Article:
A Community Conversation on Natural Gas

Over the past few months, the Marcellus Shale Coalition asked Pennsylvanians their questions about natural gas development.
This website will answer those questions straightforwardly and honestly.

Q: Do the positives outweigh the negatives?

 Absolutely. While natural gas development is indeed a short-term, industrial process, this safe, tightly-regulated production has sparked an American energy revolution – a game-changer – for our nation’s economy and our long-term energy security. From more jobs at a time when they’re most needed, to strengthened energy security and a stronger standing in the global economy, to a cleaner environment – the benefits tied to shale gas development are as widespread as they are undeniable.

Job Creation

  • Employment in the entire upstream unconventional oil and gas sector on a direct, indirect, and induced basis will support nearly 1.8 million jobs in 2012, 2.5 million jobs in 2015, 3 million jobs in 2020, and nearly 3.5 million jobs in 2035. (IHS)
  • In Pennsylvania, Marcellus Shale natural gas production, according to the state department of Labor & Industry, supports more than 238,000 jobs.
  • The number of jobs [nationwide] could rise to three million by 2020. The energy revolution will add an estimated $62 billion to federal and state revenues this year. … The growth of shale gas will save the U.S. from spending $100 billion a year on imported LNG, which was the likely prospect five years ago. (Wall Street Journal)
  • Sean McGarvey, President, Building and Construction Trades Dept., AFL-CIO, said the new oil and gas prospects are “a golden opportunity” to “put a floor under the middle class.” He said “responsible use of fracking,” adhering to all laws and best practices, provides a “foundation for American economic development,” and the cooperation that has evolved between producers and skilled labor throughout the industry should be a “shining example” to other industries. (AOL Energy, 10/31/12)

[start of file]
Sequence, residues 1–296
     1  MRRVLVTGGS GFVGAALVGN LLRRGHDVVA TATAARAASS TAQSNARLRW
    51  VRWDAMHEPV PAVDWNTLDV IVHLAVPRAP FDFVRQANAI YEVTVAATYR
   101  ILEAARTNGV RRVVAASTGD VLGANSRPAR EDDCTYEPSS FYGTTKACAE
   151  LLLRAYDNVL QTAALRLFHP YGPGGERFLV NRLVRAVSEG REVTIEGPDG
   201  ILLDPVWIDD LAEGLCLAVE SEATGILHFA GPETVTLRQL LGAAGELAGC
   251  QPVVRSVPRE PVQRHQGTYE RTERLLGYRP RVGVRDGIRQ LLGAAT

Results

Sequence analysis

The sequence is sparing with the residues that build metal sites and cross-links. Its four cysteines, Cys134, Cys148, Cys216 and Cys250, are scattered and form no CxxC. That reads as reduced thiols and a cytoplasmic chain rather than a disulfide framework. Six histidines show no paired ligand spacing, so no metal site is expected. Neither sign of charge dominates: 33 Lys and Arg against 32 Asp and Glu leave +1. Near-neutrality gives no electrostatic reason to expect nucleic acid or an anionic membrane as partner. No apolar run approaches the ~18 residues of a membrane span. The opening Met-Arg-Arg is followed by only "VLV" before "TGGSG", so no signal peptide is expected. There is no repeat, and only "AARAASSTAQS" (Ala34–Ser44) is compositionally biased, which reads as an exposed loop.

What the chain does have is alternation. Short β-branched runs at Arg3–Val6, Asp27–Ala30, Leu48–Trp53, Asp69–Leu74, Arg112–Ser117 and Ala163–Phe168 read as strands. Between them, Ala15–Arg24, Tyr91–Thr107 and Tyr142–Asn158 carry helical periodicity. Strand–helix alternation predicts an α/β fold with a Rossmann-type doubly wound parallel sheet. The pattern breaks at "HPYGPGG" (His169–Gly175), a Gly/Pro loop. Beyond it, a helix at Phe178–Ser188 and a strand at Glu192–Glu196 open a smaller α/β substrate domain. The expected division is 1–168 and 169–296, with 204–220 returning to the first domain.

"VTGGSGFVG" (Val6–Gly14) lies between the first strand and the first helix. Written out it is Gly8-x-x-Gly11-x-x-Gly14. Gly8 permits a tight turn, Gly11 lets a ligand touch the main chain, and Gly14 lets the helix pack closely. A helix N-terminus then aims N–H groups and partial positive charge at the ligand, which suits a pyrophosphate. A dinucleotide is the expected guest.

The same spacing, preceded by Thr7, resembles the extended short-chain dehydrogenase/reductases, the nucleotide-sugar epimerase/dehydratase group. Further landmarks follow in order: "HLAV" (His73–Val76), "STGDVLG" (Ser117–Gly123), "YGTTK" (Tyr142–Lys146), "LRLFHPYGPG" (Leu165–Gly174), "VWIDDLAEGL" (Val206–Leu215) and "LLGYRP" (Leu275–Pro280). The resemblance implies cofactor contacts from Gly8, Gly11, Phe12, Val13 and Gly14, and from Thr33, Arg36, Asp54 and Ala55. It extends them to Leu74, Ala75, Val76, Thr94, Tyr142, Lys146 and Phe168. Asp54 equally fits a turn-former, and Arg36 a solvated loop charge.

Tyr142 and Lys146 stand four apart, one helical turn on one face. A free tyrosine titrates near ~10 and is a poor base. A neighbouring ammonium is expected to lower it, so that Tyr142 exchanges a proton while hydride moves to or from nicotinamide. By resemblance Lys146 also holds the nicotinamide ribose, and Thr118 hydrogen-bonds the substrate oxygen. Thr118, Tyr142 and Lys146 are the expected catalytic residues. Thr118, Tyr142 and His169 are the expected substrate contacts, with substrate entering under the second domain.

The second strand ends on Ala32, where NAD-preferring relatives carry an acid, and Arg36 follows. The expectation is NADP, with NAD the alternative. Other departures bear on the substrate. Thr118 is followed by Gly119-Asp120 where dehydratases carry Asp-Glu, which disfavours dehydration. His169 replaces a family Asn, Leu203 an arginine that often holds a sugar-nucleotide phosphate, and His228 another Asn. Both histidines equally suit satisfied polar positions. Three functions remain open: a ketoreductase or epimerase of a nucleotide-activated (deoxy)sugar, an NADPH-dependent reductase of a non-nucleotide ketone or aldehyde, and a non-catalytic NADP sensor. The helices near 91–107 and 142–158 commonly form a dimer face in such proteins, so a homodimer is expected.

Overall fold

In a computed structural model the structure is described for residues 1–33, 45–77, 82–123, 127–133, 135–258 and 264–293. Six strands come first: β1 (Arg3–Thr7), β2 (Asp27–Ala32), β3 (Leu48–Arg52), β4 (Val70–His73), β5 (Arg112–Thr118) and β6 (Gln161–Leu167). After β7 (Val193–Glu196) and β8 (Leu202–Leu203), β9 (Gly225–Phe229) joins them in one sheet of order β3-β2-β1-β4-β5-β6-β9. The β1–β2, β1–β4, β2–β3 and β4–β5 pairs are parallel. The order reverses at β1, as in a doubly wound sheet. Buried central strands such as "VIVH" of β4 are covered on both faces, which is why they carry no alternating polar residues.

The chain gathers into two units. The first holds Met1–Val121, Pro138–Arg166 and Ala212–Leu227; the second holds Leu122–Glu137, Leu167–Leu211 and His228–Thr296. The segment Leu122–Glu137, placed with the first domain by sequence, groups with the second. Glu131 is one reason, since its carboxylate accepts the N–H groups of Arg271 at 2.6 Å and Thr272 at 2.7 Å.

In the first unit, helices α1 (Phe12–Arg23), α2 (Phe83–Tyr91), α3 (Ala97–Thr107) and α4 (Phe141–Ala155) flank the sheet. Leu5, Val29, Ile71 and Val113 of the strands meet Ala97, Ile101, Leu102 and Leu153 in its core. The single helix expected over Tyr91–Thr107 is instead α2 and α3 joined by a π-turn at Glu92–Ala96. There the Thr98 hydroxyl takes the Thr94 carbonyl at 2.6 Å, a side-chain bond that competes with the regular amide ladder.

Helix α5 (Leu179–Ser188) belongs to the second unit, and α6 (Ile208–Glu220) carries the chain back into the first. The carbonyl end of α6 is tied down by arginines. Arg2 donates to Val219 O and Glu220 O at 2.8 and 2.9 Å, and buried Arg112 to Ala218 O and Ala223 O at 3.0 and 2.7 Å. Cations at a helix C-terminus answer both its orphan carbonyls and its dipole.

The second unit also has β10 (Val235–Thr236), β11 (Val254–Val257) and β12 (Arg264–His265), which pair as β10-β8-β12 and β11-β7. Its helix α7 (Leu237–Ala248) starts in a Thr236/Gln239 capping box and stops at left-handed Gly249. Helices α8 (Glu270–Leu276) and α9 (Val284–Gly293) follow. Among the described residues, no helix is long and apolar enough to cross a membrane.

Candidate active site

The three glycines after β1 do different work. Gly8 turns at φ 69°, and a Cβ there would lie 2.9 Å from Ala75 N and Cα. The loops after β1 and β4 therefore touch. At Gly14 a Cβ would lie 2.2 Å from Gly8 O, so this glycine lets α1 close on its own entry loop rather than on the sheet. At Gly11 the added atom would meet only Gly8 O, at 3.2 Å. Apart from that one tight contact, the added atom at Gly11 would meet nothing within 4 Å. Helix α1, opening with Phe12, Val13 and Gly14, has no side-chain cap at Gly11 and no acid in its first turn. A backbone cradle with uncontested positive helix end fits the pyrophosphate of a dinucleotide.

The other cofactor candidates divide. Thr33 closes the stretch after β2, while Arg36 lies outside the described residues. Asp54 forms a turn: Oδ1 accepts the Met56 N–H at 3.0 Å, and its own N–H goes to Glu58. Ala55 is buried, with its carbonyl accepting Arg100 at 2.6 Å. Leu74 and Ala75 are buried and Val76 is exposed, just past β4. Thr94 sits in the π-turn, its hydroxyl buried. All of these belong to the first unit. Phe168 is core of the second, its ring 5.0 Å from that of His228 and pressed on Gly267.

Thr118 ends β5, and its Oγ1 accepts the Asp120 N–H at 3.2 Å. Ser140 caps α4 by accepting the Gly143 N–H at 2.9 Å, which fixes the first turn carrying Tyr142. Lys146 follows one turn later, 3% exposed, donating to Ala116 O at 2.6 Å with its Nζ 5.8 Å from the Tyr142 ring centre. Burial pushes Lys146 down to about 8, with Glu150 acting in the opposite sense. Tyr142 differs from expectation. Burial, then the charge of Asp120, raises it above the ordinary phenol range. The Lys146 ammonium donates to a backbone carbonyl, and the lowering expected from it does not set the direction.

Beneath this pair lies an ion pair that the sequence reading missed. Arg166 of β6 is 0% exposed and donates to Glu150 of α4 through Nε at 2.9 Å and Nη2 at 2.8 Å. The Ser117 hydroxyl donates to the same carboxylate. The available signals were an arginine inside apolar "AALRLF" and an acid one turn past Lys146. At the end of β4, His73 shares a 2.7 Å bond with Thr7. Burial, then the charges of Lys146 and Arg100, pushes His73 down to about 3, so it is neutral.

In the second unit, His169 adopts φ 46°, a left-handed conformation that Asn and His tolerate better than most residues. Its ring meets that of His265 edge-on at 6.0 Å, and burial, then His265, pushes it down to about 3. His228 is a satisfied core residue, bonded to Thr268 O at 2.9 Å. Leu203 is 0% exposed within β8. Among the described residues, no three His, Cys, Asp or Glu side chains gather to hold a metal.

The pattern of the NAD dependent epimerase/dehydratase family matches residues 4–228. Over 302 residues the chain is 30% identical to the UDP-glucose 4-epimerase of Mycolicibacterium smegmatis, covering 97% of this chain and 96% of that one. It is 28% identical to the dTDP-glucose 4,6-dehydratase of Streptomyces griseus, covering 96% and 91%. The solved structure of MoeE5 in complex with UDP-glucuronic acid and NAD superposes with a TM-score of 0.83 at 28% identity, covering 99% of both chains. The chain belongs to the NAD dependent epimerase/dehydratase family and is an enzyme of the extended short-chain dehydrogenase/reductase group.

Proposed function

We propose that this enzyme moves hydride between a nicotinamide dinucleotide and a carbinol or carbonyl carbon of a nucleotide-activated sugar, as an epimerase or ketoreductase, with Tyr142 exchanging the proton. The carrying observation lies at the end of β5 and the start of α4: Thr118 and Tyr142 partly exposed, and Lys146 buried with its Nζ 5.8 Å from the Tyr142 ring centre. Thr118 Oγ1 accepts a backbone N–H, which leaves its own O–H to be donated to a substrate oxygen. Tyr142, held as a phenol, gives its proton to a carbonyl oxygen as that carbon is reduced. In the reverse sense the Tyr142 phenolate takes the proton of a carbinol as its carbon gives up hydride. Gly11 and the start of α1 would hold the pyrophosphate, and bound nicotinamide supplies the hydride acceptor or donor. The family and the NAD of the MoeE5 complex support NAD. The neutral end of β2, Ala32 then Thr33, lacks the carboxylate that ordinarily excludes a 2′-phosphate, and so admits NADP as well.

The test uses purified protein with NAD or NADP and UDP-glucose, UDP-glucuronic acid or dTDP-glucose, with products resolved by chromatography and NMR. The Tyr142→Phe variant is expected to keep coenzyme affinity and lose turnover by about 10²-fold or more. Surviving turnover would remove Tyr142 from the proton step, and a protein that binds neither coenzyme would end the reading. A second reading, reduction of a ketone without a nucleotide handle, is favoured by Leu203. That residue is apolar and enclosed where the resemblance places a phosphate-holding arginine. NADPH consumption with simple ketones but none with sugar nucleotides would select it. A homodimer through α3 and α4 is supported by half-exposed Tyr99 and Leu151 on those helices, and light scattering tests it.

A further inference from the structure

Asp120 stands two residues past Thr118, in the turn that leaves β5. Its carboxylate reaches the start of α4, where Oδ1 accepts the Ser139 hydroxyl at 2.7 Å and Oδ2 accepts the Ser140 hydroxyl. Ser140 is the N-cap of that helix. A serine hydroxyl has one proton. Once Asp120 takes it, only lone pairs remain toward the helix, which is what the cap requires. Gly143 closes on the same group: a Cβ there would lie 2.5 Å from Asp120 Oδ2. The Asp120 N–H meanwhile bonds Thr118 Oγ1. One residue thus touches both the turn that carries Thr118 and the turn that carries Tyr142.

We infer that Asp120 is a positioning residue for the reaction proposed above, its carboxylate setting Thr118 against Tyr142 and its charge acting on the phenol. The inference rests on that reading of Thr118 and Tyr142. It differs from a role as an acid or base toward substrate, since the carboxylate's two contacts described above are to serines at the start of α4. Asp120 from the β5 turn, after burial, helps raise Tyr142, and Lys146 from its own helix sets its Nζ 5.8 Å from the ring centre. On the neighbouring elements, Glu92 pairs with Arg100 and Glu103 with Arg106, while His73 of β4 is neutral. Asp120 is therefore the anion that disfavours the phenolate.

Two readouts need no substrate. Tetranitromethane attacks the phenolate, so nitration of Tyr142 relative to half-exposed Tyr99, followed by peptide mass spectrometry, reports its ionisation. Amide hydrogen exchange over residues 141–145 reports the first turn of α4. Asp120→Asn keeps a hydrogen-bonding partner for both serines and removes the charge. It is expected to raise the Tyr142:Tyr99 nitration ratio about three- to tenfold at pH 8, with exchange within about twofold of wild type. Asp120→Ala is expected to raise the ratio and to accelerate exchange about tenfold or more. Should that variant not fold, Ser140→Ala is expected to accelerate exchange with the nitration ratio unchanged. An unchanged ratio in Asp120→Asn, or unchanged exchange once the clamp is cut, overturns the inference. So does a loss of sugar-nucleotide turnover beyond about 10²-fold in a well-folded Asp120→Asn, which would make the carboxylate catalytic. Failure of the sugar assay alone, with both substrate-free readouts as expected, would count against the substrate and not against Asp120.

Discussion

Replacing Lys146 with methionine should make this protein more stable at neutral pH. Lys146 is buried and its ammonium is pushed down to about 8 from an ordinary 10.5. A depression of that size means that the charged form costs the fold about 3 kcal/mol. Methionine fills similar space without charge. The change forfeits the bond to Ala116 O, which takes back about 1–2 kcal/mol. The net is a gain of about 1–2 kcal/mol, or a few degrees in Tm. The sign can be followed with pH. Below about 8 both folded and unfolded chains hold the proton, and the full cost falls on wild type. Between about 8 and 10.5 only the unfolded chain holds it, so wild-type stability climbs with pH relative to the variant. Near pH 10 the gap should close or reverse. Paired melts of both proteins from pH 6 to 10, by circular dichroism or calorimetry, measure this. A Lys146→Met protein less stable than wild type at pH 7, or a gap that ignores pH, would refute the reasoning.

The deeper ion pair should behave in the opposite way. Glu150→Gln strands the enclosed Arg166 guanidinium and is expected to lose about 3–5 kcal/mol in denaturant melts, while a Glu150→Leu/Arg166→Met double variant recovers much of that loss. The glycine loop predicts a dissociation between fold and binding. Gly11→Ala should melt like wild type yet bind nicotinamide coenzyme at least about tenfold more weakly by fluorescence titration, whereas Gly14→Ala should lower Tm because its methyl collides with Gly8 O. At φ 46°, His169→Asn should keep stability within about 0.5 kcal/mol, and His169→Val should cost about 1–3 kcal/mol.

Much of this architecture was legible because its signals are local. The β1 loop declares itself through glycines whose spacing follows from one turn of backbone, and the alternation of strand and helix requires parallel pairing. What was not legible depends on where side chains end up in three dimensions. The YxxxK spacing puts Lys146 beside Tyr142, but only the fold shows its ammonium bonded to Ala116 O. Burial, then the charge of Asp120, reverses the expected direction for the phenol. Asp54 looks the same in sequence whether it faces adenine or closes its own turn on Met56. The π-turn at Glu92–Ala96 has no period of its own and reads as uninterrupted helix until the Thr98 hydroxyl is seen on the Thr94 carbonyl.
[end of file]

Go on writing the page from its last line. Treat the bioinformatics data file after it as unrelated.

• And importantly, many of these jobs are being created or saved in southeastern Pennsylvania.
  • The brunt of the jobs being created fall within the supply chain they include: site construction and preparation, production and site completion, piping, well production, transportation and logistics, and finally water management.

Bolstering Economic Growth

  • Unconventional energy activity will contribute $237 billion in value added contributions to GDP in 2012, a figure that will increase to $475 billion annually in 2035. (IHS, 10/23/12)
  • Unconventional oil and gas activity will generate more than $61 billion in federal and state government revenues in 2012 and increase to $91 billion in 2015 and $111 billion in 2020. By the last year of the forecast period, in 2035, government revenues will increase to more than $124 billion. (IHS, 10/23/12)
  • Domestically, growing natural gas supplies provide a foundation for a manufacturing renaissance, at least for industries for which energy is an important feedstock or where energy costs are significant. Chemical companies have been leaving the U.S. for years in the search for lower-cost countries in which to operate. Now they are planning to invest billions of dollars in new factories in this country because of inexpensive and relatively stable natural gas prices. (Wall Street Journal, 10/22/12)
  • The rapid growth of oil and natural gas production represents a major opportunity for the U.S. Without these energy resources, the disappointing economic picture would look worse, and so would the jobs numbers. Instead, the energy revolution is helping revitalize the economy and make the U.S. more competitive in the global marketplace. (Wall Street Journal, 10/22/12)

Protecting, Enhancing Our Environment

  • In a surprising turnaround, the amount of carbon dioxide being released into the atmosphere in the U.S. has fallen dramatically to its lowest level in 20 years, and government officials say the biggest reason is…cheap and plentiful natural gas. (Associated Press, 8/16/12)
  • Compared to the average air emissions from coal-fired generation, natural gas produces half as much carbon dioxide, less than a third as much nitrogen oxides, and one percent as much sulfur oxides at the power plant.(EPA, 10/17/12)
  • Flowback,recycling which comes up as the well is being fracked and not too long after, hit the 90 percent mark for the first six months of this year. (Pittsburgh Business Times, 8/21/12)
  • A recent URS Corporation study shows that actual methane emissions from hydraulic fracturing of natural gas wells are substantially lower than what the U.S. Environmental Protection Agency has claimed. (API, 9/21/12)

Natural gas producers continue to work diligently to ensure a safe, healthy, and clean environment. Working toward this shared goal, our industry works alongside local, state and federal regulators and other government officials [click here to see the various governmental agencies that regulate Marcellus Shale development] to ensure we get this historic opportunity right.

 

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